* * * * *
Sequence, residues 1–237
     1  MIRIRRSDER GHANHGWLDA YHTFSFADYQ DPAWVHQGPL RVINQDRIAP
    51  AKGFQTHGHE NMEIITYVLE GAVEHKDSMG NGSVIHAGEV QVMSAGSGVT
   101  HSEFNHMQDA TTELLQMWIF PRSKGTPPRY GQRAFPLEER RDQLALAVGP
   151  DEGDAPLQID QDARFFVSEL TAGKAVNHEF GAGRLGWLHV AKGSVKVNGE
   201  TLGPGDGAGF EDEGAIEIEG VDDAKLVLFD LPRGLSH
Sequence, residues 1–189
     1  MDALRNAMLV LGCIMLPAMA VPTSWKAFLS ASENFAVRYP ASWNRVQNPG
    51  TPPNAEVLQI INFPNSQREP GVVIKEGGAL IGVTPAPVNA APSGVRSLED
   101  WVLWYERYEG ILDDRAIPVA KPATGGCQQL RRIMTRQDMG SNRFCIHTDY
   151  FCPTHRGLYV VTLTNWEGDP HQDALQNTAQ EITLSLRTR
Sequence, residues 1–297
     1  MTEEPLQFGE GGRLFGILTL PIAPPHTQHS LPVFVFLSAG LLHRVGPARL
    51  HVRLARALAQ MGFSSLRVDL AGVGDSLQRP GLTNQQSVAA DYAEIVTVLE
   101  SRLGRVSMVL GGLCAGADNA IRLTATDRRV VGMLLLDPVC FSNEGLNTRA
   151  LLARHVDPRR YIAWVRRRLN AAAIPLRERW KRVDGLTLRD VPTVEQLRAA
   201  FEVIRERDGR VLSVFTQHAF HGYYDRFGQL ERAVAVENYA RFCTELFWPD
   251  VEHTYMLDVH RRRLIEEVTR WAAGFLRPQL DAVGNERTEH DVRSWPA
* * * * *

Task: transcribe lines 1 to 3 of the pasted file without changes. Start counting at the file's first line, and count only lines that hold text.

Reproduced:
Sequence, residues 1–237
     1  MIRIRRSDER GHANHGWLDA YHTFSFADYQ DPAWVHQGPL RVINQDRIAP
    51  AKGFQTHGHE NMEIITYVLE GAVEHKDSMG NGSVIHAGEV QVMSAGSGVT